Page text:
The Flying Skulls


Few operational missions stimulate the imagination like Combat Search and Rescue (CSAR). From a rotary perspective, it is one of the most iconic roles which tests both airmanship and the type deployed to their maximum. Located in Alberqueque New Mexico, Kirtland Air Force Base is home to the 58th Special Operations Wing (58 SOW) which is part of the Air Force Air Education and Training Command and serves as the premier training site for Air Force special operations and combat search and rescue aircrews. The wing teaches more than 120 courses in 24 different crew positions including pilot, navigator, electronic warfare officer, flight engineer, communications system operator, loadmaster and aerial gunner. Additionally, the wing responds to worldwide contingencies and provides search and rescue support to the local community.


The 512th Rescue Squadron is part of the 58th Special Operations Wing based at Kirtland which currently operates the UH-1N Twin Huey and the HH-60G Pave Hawk. The mission at the 512th RQS is to provide graduate level rotary wing training to student pilots and student special missions aviators. Kirtland is the primary graduate aircrew Combat Search and Rescue (CSAR) training for Air Force members. Airmen are selected at undergraduate pilot training, technical training and often based on their application or volunteering. All graduates are expected to be assigned to operational units upon graduation - these decisions are often made by subject matter (career field) experts at the Air Force Personnel Center as they are with all other career fields/specialties. Within the 58th SOW, there are 113 different courses, for all crew and some maintenance positions with an average of 2,800 students per year. Student success rate is over 90% and those who don’t progress through training will retrain into other specialties. Students who don’t make it to Kirtland have already gone through undergraduate pilot training at other locations and have a high probability of success as they continue. 

SSgt Matthew D. Hawkins is a Special Missions Aviator Evaluator who has been serving in the Air Force since February 2007. “I was an Aircrew Flight Equipment Technician for six years prior to retraining to a Flight Engineer and ultimately a Special Missions Aviator on the UH-1N. I have been stationed at Kadena AB, Japan, Nellis AFB, Nevada, Andrews AFB, Maryland and here at Kirtland AFB.” SSgt Hawkins explains what the mission of the 512th Rescue Squadron is in more detail. “Specifically, for the UH-1N community, we instruct and qualify student aviators on contact manoeuvres, including transition and emergency procedure training. Also, we instruct and qualify students on remote operations (evaluating and landing on unprepared landing areas) and search and rescue operations including alternate insertion/extraction techniques, predominantly using the rescue hoist and rescue devices. Additionally, we qualify student aviators on tactical, formation and night flying operations.”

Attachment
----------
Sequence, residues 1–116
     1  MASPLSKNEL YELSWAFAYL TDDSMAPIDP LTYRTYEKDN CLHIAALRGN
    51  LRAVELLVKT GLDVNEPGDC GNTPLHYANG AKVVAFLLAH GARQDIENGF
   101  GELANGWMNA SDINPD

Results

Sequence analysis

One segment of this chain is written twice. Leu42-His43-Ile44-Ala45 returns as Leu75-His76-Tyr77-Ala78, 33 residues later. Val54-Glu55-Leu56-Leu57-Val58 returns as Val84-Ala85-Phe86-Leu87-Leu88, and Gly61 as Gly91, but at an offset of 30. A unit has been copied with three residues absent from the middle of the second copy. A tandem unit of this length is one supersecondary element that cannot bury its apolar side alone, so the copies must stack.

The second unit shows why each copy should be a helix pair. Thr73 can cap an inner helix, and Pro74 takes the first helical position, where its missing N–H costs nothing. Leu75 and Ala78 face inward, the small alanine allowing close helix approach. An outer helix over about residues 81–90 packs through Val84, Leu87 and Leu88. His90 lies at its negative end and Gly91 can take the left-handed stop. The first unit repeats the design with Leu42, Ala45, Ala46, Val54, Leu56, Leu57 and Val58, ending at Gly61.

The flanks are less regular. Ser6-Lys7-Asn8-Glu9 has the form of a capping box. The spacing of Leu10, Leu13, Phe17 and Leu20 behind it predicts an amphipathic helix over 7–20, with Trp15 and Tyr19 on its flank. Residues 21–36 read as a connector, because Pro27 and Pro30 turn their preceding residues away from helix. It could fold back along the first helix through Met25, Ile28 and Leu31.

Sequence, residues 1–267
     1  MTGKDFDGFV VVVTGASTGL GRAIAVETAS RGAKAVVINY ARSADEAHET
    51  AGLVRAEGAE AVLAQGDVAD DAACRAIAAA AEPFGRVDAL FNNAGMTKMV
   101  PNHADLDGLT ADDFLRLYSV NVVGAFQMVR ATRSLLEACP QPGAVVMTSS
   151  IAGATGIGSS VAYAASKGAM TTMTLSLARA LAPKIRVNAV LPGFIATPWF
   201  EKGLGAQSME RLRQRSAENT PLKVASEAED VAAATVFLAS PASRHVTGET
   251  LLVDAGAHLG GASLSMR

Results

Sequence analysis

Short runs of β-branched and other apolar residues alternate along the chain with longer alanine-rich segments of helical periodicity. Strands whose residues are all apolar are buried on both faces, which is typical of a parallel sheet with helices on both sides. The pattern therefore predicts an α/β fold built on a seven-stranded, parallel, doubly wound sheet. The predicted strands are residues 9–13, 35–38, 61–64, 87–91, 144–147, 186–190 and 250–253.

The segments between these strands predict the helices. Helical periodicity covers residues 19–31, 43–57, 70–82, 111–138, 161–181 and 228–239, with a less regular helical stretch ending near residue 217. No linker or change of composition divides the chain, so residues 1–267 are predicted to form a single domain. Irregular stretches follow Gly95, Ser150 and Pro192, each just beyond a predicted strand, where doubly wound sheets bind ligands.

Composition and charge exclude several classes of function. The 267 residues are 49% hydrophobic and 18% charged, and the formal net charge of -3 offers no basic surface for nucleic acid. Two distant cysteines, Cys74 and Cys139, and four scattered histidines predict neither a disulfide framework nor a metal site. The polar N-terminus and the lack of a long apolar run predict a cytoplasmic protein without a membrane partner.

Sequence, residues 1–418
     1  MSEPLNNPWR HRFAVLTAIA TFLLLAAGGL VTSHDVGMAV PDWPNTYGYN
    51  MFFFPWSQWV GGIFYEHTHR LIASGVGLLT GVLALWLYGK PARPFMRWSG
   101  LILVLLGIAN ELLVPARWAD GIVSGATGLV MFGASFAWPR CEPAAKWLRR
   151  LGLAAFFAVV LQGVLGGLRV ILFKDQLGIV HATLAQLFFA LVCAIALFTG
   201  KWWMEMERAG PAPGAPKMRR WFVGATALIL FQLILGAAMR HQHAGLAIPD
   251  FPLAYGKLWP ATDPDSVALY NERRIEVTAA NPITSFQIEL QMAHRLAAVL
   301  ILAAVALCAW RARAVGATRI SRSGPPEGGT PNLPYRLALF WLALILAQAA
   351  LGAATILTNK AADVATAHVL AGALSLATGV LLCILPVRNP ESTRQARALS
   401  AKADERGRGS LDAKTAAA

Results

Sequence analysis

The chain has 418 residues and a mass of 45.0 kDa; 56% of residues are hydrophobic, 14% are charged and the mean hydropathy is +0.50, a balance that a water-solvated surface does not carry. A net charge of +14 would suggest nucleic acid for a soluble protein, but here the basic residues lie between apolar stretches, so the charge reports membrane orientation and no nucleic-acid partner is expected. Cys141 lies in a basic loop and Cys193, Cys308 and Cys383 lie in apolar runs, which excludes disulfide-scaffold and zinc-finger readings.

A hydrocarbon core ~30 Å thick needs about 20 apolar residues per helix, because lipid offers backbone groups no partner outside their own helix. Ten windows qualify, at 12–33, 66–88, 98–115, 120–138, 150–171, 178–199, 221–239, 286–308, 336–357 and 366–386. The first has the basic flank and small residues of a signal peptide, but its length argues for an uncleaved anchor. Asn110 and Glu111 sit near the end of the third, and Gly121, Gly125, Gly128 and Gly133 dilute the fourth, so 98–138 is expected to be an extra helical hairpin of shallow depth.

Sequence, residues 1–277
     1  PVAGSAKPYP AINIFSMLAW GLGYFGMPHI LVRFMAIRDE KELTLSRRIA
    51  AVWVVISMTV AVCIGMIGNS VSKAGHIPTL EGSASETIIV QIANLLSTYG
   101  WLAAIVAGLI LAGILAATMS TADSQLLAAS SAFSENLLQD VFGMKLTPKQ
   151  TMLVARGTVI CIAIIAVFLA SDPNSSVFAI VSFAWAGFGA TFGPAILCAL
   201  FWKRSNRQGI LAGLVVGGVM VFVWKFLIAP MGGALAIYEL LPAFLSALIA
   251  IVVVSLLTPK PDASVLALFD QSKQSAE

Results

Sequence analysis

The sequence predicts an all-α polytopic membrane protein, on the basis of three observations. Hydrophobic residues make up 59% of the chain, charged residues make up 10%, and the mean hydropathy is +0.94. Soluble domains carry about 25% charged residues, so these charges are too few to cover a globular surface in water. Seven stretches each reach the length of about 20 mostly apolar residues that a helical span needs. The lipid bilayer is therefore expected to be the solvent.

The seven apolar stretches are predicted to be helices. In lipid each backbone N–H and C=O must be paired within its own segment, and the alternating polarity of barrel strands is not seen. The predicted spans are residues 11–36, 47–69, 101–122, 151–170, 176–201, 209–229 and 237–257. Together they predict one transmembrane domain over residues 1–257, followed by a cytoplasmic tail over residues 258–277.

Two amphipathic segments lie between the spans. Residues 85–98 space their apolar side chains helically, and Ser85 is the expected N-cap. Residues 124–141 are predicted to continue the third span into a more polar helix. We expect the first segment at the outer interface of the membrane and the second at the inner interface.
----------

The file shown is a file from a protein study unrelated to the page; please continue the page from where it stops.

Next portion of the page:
The 512th RQS delivers qualified aviators to operational units in the UH-1N community including units under four Major Commands (MAJCOMS) - Air Force Global Strike Command, Air Education and Training Command, Pacific Air Forces and the Air Force District of Washington. “In addition to providing Initial Qualification Training we also provide training to requalification/transition aviators arriving from other airframes and/or non-flying positions. Other courses we facilitate include Air Advisor/Combat Mission Training for future combat air advisors, Instructor Upgrade courses and Local Mission Qualification Training for new instructors assigned to the 512th RQS.”

Lt Col Nick Dipoma is the current 512th RQS Commander. “The majority of our training is conducted within a 60 nautical miles of Kirtland Air Force Base, mainly to the southwest and northwest of Albuquerque. The local training area is fantastic based on a number of factors. First, the terrain; the local area has important similarities to many of the areas crews will deploy to operationally and there are also good challenges associated with flying at high elevations above sea level. Secondly, the support we receive from the local community is fantastic. We also conduct aerial gunnery training on the White Sands Missile Range and on the Melrose Range, near Cannon Air Force base.”


The UH-1 is a utility aircraft, of which Kirtland have 6. While the UH-1N can serve as a training platform, it can also have many different configurations. This includes the ability to operate a hoist, which in itself can use different attachments to be used in a rescue scenario. At the 512th RQS at Kirtland AFB, the UH-1N is purely a training platform, however at other operational units, it is utilised in DV airlift, Survival Evasion Resistance and Escape training, contingency operations, and nuclear security and defense. Capt Stephen Squier is a UH-1N pilot with the 512th RQS. “The UH-1N is an incredible aircraft to fly. Since it lacks advanced and automated systems, it requires a high level of coordination to fly and is one of the few aircraft in the Air Force inventory that gives an individual as much control over the aircraft as it does. Even though it may not be as fast or as powerful as more modern aircraft, it is still highly manoeuvrable and can get the job done. It is an aircraft rich with history and is a durable airframe that has proven its worth over the years.” SSgt Hawkins also explains what a great training platform the UH-1N is. “It is a very utilitarian airframe. It is rugged, venerable and can fill multiple mission sets. What the UH-1N lacks in payload capacity, speed, range, and modern technology, it makes up for in dependability, simplicity, and versatility. It is a throwback in terms of pilot input and controllability while flying. If you love to fly, specifically fly helicopters, the UH-1N is a flying pilot's aircraft in every sense of the word.”